These groups should be clearly defined so that stakeholders do not have a different understanding of each during the prioritization exercise. To prevent stakeholders from putting all requirements in one category, the percentage of requirements that can be placed in each group should be restricted. One disadvantage to this, however, is the fact that requirements in each group will then have the same priority with no unique priority assigned per requirement.

3. MoScoW Technique

Instead of numbers, this method uses four priority groups: MUST have, SHOULD have, COULD have, and WON'T have. With this technique, stakeholders can prioritise requirements in a collaborative fashion. The acronym represents the following:

  • MUST (Mandatory)
  • SHOULD (Of high priority)
  • COULD (Preferred but not necessary)
  • WOULD (Can be postponed and suggested for future execution)

The decisions of stakeholders on requirements' priorities are categorised as shown above. See MoSCoW : Requirements Prioritization Technique for more on this. 

4. Bubble Sort Technique

To prioritize requirements using bubble sort, you take two requirements and compare them with each other. If you find out that one requirement should have greater priority over the other, you swap them accordingly. You then continue in this fashion until the very last requirement is properly sorted. The result is a list of requirements that are ranked.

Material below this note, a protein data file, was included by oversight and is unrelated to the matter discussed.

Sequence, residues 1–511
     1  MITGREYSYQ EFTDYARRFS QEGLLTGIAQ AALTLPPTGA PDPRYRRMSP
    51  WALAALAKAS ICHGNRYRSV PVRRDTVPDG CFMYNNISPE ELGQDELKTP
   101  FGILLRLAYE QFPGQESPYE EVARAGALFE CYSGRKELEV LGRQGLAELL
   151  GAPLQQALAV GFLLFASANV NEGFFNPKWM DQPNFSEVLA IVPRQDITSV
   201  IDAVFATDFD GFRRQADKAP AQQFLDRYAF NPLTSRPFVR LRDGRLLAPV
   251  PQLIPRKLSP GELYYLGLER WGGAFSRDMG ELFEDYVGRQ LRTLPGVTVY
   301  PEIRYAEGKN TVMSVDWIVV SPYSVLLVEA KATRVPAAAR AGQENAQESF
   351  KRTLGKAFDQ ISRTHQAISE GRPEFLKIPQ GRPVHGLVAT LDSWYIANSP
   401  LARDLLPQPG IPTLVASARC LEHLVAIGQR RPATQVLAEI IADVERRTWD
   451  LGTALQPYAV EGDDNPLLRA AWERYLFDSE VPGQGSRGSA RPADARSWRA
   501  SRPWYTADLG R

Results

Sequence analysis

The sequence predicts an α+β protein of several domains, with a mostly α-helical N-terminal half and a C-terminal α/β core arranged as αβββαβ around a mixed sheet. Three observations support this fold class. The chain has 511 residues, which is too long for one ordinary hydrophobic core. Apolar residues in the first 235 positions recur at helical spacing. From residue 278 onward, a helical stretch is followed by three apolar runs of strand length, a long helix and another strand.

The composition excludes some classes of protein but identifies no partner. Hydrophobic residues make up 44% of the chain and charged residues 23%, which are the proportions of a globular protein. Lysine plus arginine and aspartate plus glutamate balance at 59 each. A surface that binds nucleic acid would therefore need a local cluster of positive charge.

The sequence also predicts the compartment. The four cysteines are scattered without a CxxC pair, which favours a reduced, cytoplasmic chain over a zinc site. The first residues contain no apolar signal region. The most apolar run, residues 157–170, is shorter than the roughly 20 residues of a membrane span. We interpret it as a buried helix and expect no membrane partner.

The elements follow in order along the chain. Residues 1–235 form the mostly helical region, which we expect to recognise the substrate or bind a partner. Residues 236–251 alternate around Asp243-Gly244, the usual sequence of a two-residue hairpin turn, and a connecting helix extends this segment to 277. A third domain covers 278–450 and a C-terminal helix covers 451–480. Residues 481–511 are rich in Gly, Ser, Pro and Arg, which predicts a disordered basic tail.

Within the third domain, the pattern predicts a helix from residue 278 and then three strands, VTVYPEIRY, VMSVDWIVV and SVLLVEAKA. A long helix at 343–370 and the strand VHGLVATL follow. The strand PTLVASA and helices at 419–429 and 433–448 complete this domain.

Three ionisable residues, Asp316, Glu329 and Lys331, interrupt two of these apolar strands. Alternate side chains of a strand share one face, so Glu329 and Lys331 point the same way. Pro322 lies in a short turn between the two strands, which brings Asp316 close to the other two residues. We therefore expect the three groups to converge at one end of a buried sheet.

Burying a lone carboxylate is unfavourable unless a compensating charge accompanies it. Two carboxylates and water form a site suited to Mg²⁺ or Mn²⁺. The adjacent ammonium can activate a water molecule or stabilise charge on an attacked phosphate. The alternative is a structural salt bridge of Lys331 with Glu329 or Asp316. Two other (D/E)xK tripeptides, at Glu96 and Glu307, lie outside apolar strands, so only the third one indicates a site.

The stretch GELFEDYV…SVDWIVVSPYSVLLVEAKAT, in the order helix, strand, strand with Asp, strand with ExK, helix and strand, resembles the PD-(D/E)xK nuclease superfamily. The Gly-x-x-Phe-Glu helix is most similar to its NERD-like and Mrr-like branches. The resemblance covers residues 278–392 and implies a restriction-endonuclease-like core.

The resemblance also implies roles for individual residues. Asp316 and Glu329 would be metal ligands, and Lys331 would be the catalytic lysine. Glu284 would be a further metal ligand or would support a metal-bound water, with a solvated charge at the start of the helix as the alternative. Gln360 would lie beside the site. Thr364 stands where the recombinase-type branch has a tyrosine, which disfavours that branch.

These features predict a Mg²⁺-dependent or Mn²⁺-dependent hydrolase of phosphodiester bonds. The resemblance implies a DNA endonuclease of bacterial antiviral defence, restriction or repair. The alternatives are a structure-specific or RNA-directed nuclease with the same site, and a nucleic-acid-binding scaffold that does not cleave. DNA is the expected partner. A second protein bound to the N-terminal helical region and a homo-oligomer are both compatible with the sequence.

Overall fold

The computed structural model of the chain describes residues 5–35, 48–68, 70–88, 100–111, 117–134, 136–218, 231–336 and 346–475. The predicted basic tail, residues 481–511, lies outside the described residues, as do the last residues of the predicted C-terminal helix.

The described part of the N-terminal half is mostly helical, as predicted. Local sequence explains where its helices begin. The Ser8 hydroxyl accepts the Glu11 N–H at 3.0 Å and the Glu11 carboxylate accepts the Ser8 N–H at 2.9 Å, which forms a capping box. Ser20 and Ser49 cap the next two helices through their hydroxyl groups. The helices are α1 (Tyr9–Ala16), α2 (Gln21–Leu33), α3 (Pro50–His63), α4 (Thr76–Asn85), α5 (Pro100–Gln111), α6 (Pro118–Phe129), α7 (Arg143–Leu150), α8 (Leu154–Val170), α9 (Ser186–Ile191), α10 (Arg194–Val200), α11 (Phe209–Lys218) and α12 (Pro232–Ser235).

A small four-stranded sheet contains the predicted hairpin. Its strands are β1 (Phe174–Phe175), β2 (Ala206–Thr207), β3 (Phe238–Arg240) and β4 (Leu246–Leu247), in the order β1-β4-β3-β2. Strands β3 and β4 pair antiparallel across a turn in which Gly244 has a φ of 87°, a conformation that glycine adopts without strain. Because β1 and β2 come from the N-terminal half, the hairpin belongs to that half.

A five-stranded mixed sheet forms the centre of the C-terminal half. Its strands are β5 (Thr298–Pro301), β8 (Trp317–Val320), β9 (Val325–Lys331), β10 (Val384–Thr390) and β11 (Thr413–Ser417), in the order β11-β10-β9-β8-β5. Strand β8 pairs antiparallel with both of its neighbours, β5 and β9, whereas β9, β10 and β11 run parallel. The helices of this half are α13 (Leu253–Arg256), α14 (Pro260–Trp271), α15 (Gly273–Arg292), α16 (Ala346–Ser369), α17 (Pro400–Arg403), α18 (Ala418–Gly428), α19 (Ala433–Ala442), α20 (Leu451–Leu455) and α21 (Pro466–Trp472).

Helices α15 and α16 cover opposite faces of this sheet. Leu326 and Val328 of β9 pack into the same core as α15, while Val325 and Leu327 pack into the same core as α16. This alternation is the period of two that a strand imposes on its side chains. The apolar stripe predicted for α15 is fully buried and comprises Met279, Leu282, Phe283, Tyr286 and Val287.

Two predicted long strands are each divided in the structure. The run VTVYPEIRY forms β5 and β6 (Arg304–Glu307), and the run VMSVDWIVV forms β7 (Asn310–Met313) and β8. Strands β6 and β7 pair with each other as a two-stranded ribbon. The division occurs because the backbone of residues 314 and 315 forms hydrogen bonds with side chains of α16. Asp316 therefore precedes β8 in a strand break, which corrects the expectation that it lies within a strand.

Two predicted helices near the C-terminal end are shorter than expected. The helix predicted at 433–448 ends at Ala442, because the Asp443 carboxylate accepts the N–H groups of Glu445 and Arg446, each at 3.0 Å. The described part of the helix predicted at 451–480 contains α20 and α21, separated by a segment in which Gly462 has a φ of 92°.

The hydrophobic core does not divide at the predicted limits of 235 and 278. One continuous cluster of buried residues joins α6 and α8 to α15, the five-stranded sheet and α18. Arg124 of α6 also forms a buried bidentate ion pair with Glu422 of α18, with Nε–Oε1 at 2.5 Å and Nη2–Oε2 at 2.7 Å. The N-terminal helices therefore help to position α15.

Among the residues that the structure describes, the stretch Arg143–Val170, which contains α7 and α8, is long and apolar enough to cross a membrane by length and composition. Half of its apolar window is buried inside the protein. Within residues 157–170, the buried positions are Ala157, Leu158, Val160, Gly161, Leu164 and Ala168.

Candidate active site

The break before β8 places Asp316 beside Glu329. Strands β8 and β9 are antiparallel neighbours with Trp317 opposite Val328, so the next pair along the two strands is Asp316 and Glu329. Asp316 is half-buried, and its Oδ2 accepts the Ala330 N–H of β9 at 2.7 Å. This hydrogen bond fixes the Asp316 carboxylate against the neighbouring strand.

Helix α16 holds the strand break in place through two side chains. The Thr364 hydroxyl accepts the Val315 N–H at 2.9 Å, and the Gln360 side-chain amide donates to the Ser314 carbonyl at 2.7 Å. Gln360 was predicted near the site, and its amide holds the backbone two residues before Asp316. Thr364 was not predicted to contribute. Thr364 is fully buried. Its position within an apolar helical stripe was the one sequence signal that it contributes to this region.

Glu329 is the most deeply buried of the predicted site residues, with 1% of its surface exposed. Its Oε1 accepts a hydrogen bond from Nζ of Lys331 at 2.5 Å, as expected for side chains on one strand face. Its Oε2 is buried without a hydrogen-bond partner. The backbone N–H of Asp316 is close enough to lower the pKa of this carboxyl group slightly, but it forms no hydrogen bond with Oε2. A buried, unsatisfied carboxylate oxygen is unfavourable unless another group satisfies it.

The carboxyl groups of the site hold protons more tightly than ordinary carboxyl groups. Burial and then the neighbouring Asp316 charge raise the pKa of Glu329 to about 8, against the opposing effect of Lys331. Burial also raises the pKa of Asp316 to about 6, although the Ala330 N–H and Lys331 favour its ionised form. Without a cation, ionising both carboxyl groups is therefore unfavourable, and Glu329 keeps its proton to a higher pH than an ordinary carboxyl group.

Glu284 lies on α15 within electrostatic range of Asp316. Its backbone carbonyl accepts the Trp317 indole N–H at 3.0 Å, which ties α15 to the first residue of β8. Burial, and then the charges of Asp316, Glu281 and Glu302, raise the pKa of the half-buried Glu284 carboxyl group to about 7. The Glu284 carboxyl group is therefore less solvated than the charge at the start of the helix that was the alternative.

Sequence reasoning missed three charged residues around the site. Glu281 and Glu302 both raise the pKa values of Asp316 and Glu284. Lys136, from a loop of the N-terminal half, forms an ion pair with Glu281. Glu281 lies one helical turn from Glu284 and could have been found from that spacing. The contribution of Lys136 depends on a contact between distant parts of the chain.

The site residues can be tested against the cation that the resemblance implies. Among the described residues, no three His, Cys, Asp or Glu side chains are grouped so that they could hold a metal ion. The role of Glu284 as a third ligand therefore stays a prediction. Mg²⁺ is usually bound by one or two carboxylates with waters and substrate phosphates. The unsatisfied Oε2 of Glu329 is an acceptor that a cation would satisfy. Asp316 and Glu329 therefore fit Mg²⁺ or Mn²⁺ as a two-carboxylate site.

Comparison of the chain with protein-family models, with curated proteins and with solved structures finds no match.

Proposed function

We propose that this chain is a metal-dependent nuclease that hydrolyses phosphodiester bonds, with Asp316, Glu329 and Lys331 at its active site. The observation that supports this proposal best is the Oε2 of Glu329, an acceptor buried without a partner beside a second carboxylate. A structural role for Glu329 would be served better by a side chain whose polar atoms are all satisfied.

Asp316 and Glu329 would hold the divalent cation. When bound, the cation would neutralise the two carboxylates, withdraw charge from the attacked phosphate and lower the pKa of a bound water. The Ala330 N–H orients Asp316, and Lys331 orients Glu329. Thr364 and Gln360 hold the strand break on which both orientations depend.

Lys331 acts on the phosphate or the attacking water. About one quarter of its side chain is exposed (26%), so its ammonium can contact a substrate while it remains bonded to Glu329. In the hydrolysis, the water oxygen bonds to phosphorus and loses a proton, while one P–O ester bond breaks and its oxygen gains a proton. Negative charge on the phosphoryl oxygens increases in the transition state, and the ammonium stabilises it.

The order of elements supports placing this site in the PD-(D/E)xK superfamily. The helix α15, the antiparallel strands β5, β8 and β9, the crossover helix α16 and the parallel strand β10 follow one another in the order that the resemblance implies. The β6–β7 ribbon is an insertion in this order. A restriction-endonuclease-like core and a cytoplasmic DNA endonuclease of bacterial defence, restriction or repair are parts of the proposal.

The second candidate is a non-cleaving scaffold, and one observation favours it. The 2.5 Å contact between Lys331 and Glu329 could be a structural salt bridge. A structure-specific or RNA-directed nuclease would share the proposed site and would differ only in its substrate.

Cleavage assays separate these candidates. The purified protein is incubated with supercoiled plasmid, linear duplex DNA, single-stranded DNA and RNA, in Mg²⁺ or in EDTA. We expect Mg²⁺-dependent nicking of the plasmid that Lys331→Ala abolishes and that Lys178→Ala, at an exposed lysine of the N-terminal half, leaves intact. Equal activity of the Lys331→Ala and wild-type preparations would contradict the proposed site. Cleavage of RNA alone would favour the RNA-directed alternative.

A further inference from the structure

5. Hundred Dollar Method

This simple method is useful anywhere multiple stakeholders need to democratically vote on which requirements are the most important. All stakeholders get a conceptual 100 dollars, which they can distribute among the requirements. As such, the stakeholder may choose to give all 100 dollars to a single requirement, or the person may distribute the points more evenly. The higher the amount allocated to each requirement, the higher the priority of the requirement. At the end, the total is counted and the requirements are sorted based on the number of points received.